How FunPlus Phoenix went from fledgling franchise to League of Legends world champion

Members of FunPlus Phoenix take in the crowd reaction following their victory over G2 Esports in the League of Legends World Championship final on Sunday at AccorHotels Arena in Paris. João Ferreira/ESPAT Media

Going into the League of Legends World Championship, FunPlus Phoenix had frequently led ESPN's global power rankings and consistently been at the top of China's League of Legends Pro League standings.

Like all top teams around the world, FunPlus were compared with the likes of eventual worlds final opponent G2 Esports and other strong teams in and outside of the LPL like Royal Never Give Up, SK Telecom T1 and Griffin. The somewhat restrictive playstyle FunPlus leaned on left doubts as to whether they would be able to stand up to other top international opponents, and their shaky performances in the worlds group stage only compounded that uncertainty.

On Sunday, FunPlus Phoenix became the first team since SKT in 2013 to win a world championship in the same year as their worlds debut.

Here's FunPlus Phoenix, from start to Sunday's finish, complete with the failures and successes that ultimately led this two-year-old franchise to the Summoner's Cup.

December 2017

FunPlus Phoenix are founded. The roster includes top laner Kim "GimGoon" Han-saem, bot laner Lin "Lwx" Wei-Xiang, and support Liu "Crisp" Qing-Song, who all stuck with FunPlus from then until Sunday's championship victory.

Spring and Summer 2018

FunPlus finish below .500 in both of their inaugural splits, with a 9-10 record in the spring and 8-11 record in the summer in the LPL West. That summer record is good enough to qualify FunPlus for the post-split playoffs, but they're brushed aside in the opening round by eventual third-place finisher JD Gaming.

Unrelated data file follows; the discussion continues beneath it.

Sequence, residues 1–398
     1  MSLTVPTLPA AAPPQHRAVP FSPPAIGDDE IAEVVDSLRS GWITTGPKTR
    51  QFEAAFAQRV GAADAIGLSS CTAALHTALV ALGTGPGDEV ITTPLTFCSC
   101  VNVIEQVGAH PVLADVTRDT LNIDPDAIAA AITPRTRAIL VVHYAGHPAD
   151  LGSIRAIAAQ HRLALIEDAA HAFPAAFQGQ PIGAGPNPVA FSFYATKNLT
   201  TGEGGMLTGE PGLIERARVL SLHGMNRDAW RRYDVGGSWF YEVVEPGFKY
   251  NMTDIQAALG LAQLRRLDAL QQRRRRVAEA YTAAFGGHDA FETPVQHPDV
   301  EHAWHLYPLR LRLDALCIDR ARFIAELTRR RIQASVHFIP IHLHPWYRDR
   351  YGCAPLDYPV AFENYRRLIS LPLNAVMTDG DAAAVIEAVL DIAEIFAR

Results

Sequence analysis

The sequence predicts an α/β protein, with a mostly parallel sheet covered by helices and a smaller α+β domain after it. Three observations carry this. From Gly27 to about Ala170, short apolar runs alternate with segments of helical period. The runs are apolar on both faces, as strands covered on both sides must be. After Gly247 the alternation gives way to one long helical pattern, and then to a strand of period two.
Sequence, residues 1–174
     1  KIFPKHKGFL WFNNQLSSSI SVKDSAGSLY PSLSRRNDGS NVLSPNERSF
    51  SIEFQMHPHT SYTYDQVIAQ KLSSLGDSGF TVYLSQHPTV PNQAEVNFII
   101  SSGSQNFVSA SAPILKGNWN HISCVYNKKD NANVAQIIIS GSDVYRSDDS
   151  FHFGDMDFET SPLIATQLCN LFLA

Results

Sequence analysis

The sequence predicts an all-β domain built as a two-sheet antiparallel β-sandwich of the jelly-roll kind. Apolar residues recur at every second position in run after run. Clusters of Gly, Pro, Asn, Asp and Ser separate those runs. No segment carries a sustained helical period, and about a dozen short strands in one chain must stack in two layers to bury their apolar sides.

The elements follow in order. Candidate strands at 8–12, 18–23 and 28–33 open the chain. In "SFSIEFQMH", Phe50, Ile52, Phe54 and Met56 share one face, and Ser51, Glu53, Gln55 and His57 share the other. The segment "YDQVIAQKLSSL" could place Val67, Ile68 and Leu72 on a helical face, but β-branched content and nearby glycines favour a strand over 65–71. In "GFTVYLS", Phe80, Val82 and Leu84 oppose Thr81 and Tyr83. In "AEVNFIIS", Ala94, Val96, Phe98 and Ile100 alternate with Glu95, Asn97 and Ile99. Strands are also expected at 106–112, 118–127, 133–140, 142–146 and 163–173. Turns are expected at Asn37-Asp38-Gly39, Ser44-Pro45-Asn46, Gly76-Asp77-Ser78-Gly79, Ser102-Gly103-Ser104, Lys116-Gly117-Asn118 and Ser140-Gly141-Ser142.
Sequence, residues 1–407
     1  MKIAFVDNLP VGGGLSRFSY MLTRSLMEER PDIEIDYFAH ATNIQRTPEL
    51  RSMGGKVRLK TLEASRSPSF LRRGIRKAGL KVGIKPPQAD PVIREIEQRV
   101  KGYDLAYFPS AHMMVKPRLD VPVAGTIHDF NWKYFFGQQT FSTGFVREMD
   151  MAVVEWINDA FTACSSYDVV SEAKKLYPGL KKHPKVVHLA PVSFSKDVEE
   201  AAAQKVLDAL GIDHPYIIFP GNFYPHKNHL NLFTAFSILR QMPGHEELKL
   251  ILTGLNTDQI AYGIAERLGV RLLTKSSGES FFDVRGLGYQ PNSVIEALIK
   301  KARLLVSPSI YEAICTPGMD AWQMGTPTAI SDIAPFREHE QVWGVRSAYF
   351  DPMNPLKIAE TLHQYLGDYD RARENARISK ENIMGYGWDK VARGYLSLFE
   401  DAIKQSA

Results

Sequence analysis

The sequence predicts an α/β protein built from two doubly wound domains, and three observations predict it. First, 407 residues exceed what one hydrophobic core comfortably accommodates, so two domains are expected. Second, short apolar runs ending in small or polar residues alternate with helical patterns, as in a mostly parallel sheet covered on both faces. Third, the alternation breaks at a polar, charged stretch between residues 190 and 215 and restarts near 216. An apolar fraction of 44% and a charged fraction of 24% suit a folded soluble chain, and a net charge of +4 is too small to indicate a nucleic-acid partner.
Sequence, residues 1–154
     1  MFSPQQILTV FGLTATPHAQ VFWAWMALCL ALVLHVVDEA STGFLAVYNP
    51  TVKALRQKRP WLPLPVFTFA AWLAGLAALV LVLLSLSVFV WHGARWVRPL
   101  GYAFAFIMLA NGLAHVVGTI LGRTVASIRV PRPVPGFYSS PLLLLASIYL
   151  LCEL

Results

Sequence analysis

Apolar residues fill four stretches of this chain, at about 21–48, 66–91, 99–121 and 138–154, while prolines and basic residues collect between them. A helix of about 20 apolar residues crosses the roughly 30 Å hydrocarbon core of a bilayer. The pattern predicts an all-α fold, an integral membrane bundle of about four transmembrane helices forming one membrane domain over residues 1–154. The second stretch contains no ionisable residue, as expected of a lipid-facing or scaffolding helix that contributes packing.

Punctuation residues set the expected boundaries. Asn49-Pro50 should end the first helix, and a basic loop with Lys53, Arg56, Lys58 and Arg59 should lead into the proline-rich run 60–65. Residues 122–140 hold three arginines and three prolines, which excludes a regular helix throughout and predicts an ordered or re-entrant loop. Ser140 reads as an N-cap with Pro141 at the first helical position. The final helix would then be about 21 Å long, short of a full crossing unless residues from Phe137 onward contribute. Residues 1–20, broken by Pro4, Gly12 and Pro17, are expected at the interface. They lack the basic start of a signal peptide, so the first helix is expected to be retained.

December 2018

FunPlus mid laner Yu "Cool" Jia-Jun, a legacy player in China, leaves following the November expiration of his contract. FunPlus, in need of stability and pedigree at the position, begin courting Kim "Doinb" Tae-sang aggressively. Although he had previously publicly stated his intent to retire from League of Legends, Doinb considers and eventually accepts an offer on Dec. 14 to return to pro play for FunPlus. Three days later, former Young Miracles and Suning jungler Gao "Tian" Tian-Liang joins the team to complete the starting roster.

It isn't a team that fans and analysts were overly hyped about in the preseason, but FunPlus are considered an LPL playoff team at worst.

Spring 2019

Historically, Doinb's teams have been simultaneously praised and derided for playing one style -- much like Doinb himself. However, FunPlus lean into this criticism and instead build around Doinb's tendencies by allowing Tian and Crisp to follow his lead and roam the map to gain advantages and skirmish. Every time FunPlus log on to Summoner's Rift, the story looks the same: Doinb shoves up his mid lane minion wave, roams either top or bot, returns to mid, shoves the wave and repeats, with Tian and Crisp joining in when they can.

The unorthodox playstyle works. FunPlus begin the spring split with an impressive 8-0 start in the best-of-three series in the LPL. The two series they drop all regular season spring come in Week 7 against Chinese powerhouse Royal Never Give Up and the rising talents of Topsports Gaming (now Top Esports).

Many an LPL team has put up stellar win rates in the regular season only to falter in playoffs, however, and this 13-2 FunPlus squad is one of them. They fall to JD Gaming in their auto-seeded semifinal but bounce back to beat Topsports 3-1 in the third-place match.

Summer 2019

FunPlus really begin to hone their playstyle and focus on individual flexibility. The goal: Regardless of what the players draft, the combination will allow Tian, Crisp or both to help Doinb get going so he can roam and make an impact for the side lanes.